Dark Emu and The Art of Time TravelSat 4 Sep, 4pm
Outside the contentious platforms of the culture wars, debate around Aboriginal histories is being welcomed by many as an opportunity to deepen our shared knowledge of the complexity and wonder of First Nations’ ways of life across the millennia. Transcending ugly politics, Yuin, Bunurong and Tasmanian author Bruce Pascoe (Dark Emu) and prize–winning historian Tom Griffiths (The Art of Time Travel) come together to consider the productive conversation that is emerging about our continent’s past, and how that might inform our future. They speak with anthropologist and broadcaster Sally Warhaft.
Tom Griffiths is an historian whose books and essays have won prizes in literature, history, science, politics and journalism. His books include Hunters and Collectors, Forests of Ash, Slicing the Silence and The Art of Time Travel. He is an Emeritus Professor of History at the Australian National University.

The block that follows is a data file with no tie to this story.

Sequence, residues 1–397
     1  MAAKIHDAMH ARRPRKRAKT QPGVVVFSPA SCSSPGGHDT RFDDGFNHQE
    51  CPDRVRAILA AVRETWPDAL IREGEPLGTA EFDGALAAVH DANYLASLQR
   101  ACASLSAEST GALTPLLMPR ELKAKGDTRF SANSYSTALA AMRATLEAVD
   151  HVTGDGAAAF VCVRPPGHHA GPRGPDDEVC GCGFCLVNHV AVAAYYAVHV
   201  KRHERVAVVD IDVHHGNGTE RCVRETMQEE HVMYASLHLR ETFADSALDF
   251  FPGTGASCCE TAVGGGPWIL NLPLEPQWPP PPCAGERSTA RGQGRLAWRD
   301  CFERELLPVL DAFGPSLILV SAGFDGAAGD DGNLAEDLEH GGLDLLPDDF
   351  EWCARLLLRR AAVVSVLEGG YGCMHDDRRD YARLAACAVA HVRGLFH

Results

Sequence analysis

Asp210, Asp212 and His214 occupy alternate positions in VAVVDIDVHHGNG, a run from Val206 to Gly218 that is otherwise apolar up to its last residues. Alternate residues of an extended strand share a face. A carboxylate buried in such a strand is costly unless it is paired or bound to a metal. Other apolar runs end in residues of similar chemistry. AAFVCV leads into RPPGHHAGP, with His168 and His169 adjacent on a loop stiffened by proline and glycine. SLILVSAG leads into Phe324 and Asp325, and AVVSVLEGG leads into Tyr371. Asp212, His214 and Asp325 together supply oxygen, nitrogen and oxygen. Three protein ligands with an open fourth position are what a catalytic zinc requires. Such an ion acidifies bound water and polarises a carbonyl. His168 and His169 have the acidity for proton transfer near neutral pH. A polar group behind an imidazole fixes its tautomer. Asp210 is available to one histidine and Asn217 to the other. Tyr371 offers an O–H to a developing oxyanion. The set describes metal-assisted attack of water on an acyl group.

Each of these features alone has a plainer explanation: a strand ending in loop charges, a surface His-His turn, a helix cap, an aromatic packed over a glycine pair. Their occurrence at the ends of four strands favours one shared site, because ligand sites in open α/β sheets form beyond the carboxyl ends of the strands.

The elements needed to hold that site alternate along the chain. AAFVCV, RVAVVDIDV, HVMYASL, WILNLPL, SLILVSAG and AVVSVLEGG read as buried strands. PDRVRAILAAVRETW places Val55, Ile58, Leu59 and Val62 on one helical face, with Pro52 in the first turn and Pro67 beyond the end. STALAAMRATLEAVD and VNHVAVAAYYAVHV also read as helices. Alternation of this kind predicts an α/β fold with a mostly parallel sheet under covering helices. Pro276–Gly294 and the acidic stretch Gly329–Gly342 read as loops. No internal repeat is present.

Bruce Pascoe is a Yuin, Bunurong and Tasmanian man who has published widely. Pascoe’s best known work Dark Emu interrogates the assumption that Indigenous Australians were hunter-gatherers and cites evidence of pre-colonial agriculture, engineering and building construction by Aboriginal and Torres Strait Islander peoples.
Sally Warhaft is host of The Fifth Estate, the Wheeler Centre’s live journalism series, and The Leap Year, a podcast about Australians' lives in the 2020 lockdown. She is a former editor of The Monthly magazine and the author of Well May We Say: The Speeches that Made Australia.